As @RABI said, to encode reserved characters (such as #) into url content, you should use the correct url encoding.
The following page contains an ASCII url encoding table: https://www.w3schools.com/tags/ref_urlencode.ASP
Notice that if you want to programmatically encode strings you can use in js the function encodeURIComponent(string).
There are special characters which are reserved and not to be used as a part of a url.
The characters which may be used in a url are:
Note it does not say where in the url they are to be used. Any other character needs to be encoded with the percent-encoding (
%hh). Each part of the URI has further restrictions about what characters need to be represented by an percent-encoded word.
Note that some of these characters for example, the hash symbol, have specific meanings, and if you want to avoid these “meanings” then you must use the percent-encoding. The way to use this programatically is by using the built-in function:
const my_hash_symbol = encodeURIComponent("#");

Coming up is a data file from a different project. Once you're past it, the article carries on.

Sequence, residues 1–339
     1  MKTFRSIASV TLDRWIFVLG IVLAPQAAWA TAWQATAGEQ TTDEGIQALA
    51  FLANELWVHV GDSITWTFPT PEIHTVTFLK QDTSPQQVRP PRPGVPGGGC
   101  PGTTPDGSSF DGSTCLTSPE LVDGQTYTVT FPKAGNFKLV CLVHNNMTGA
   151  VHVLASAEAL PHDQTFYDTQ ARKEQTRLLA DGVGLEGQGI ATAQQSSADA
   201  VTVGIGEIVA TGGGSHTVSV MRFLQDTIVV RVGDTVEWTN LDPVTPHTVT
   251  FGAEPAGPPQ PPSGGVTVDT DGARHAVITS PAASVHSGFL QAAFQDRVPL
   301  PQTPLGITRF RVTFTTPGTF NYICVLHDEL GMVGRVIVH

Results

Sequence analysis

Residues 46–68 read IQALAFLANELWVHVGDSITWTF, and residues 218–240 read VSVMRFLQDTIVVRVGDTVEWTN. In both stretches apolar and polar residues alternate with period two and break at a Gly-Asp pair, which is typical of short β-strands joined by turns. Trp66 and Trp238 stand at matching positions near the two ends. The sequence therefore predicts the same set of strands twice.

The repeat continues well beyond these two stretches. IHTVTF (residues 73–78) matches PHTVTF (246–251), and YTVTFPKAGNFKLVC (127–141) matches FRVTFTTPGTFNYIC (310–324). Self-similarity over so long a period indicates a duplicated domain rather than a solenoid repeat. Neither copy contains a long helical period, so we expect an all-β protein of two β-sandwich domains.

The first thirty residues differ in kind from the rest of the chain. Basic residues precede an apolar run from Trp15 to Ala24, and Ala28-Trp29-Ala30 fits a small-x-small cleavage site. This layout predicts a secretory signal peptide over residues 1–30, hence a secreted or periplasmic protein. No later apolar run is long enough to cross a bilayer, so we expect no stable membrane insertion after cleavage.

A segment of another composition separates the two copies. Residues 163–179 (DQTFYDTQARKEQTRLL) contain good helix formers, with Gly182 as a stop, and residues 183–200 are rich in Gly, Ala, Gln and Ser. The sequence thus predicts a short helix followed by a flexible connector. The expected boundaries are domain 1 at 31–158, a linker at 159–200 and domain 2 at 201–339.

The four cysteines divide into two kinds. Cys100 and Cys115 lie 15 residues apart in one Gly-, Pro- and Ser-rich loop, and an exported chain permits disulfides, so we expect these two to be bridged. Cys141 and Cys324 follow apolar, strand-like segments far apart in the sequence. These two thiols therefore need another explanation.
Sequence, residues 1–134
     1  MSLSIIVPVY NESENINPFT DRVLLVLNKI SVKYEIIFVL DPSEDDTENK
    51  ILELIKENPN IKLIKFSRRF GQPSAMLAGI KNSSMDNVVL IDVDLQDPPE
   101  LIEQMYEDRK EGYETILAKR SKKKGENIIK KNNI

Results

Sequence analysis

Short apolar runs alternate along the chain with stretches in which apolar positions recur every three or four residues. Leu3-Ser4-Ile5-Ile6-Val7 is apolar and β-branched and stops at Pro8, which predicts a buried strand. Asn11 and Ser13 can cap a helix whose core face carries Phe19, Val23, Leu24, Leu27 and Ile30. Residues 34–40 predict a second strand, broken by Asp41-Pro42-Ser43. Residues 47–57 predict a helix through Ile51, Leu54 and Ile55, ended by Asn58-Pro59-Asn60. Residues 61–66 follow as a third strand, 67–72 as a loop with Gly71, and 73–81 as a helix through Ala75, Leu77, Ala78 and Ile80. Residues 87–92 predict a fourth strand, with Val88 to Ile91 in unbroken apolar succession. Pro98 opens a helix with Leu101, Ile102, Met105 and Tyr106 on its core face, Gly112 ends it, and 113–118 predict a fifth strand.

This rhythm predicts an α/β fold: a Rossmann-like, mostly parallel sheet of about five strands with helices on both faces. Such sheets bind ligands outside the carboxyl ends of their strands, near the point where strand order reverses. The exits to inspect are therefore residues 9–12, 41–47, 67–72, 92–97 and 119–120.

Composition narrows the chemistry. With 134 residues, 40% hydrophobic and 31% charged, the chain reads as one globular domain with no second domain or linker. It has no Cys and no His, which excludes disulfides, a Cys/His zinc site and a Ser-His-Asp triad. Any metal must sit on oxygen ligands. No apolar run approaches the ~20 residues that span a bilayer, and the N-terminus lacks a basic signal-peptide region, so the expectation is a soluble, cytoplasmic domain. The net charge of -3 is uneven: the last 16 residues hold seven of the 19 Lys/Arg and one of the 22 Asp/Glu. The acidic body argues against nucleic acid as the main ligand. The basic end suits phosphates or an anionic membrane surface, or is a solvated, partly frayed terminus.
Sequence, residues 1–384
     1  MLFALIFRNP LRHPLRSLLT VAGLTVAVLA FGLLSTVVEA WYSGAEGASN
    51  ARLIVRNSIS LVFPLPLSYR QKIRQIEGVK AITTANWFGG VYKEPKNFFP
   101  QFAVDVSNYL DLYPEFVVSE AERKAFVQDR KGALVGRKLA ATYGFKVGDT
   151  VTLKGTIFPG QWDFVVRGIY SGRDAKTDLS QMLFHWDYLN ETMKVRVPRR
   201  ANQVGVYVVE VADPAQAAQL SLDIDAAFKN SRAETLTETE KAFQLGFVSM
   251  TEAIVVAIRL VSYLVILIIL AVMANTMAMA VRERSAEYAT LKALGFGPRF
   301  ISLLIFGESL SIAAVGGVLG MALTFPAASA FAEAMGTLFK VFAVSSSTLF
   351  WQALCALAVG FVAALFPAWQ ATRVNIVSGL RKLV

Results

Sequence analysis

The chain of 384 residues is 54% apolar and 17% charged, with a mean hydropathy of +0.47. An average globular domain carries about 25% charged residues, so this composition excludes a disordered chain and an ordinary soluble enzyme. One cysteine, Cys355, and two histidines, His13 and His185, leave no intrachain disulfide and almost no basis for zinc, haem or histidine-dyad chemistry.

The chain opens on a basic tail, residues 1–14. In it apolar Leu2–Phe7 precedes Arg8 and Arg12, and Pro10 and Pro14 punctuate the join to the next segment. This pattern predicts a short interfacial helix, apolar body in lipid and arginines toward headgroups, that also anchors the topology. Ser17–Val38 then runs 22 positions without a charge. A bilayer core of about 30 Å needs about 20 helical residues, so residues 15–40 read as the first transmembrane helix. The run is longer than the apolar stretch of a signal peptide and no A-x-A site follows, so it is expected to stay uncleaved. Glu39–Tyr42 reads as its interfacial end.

console.log(my_hash_symbol); // => %23
// Later, decode it if you wish
const original_symbol = decodeURIComponent("%23");
console.log(original_symbol); // => #
Edit: The “meaning” of the hash-symbol (“#”) results in the browser looking for a file named
KM_72 instead of the full
KM_72#050#500.svg, which of course does not exist.
The ‘#’ character falls into the category of “delims”:
delims = "<" | ">" | "#" | "%" | <">
which does not cause a crash or error (directly), but does change the behaviour of the browser’s file searching mechanism which results in a non-direct 404 error.
I have a lot of images with a url like this one:
When I will open the image in my Laravel application, the server response is 404.
If I change the file name to
KM_72-050-500.svg it works. It means, that the path is ok.
The images are from a customer. So, I like to use themes with the original name.
Is there a possibility to change the url to cover the